January 2008 Posts

A Race to the Finish

The covers of the New York Times and the Washington Post are about the race to the White House, but there’s something much more exciting going on right now in the world of philanthropy. Right now, several grassroots fundraisers are battling it out for the top fundraiser spot in America’s Giving Challenge on GlobalGiving. The top fundraisers will get $50,000 from the Case Foundation, which is sponsoring the Challenge.

On GlobalGiving, we have several fundraisers which are trying to get top position. In the last few days, there’s been a major shake up in fundraising efforts, with several long standing leaders dropping down as new fundraisers have mobilized their bases and gotten over 500 donations in the last week. I’m including links to the top six fundraisers who have gotten over 700 donations as of the time of this posting, but the Challenge doesn’t end until tomorrow, January 31, 2008, at 3 pm, so anything can change. Be sure to check out the leaderboard for the most update to date standings! Good luck to all of the fundraisers!

Non Formal Education for Tribal Children in India

Invest in International Development Leaders

Fuel Efficient stove for 300 Hondurans in need with SHH

Route Out of Poverty for Cambodian Children

Education for 900 Rural Girls in Burkina Faso

Computers for children of women trafficked for sex

GG Giving Season Stats

Earlier today, Allan Benamer wrote a very interesting blog post, “Who Won the Giving Season…” on his Non-Profit Tech Blog. In it, he compares year-end web traffic data of four players in the online giving/lending space. We’re one of those four, so i thought I’d just add a little bit of additional data to the mix.

From our perspective the real winners of the giving season are the people who live in struggling communities around the world, whose lives may be a tad better because of the nearly $800,000 of donations that came through the GlobalGiving platform in December. About half of that came through our website, or the special “co-branded” site we created for the Parade/Case Challenge that Allan refers to. The data don’t lie – our traffic went up in December. And in November. Here’s what we know worked in generating traffic at year end:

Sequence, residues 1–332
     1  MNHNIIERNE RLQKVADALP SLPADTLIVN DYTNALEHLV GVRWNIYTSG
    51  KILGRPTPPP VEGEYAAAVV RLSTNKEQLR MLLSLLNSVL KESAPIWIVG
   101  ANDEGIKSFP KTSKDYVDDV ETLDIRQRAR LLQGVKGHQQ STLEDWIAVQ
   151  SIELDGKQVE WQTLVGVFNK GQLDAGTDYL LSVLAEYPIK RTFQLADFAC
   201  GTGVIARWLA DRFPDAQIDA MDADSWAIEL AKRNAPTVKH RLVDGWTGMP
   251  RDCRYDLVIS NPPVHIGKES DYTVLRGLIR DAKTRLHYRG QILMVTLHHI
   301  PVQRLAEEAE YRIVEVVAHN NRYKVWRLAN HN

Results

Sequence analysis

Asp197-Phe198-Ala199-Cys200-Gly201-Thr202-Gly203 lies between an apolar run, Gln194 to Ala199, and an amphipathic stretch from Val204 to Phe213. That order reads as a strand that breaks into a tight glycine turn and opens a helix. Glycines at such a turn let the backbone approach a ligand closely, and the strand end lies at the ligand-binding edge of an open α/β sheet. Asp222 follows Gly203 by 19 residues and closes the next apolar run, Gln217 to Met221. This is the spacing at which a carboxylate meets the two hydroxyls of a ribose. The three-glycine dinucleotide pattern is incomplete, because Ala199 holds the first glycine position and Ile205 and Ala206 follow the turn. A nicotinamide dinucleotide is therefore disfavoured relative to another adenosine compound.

• Banner Ads. Through the generosity of a number of corporate partners, we had banner ads running on a bunch of websites. We also bought a tiny bit of “sponsorship” on NPR. Those ads kicked in at higher levels right after Thanksgiving, and account for about 30% of the traffic increases.
  • The Parade/Case America’s Giving Challenge – which accounted for some of the velocity but not all, and accounted for ~11% of traffic in December. (The real story on this is January…stay tuned)
  • Repeat traffic from visitors who know of us through word of mouth (consistently 50+% of traffic throughout the year)
  • Our own online marketing strategies – via Care2, StumbleUpon, blog outreach about our gift card, and of course search marketing
  • PR – we actively pursued print and radio earned media that resulted in over two dozen traditional media stories that Allan duly noted and linked to
  • Our own email marketing efforts (One e-comm/week, each segmented in various ways) and a “tell-a-friend” campaign we ran in early December.

Having said all that, the giving season story for us is always more about conversion rate than traffic. This chart shows the story in stark relief:

For most of the year, unless we are running special campaigns/incentives our conversion rate pretty consistently hovers between .75% and 1%. In December, it was 2.7%. This is due to higher conversion rates for the Parade Challenge, to be sure. People are more highly committed by the time they get to us via Parade.

But it’s more about how philanthropy works – year end, year end, year end. Gifts and tax deductions. People literally tell us in post-checkout surveys that “I remembered reading about you in Nick Kristof’s article in the NY Times in the Spring,” or “I heard an NPR story in the summer.” And this year we launched a physical, biodegradable gift card. It was a hit. We “sold” about 1,800 them. People knew what they were coming to buy.

So, we drove more traffic, we saw higher conversions. More projects get funding. A good giving season all around.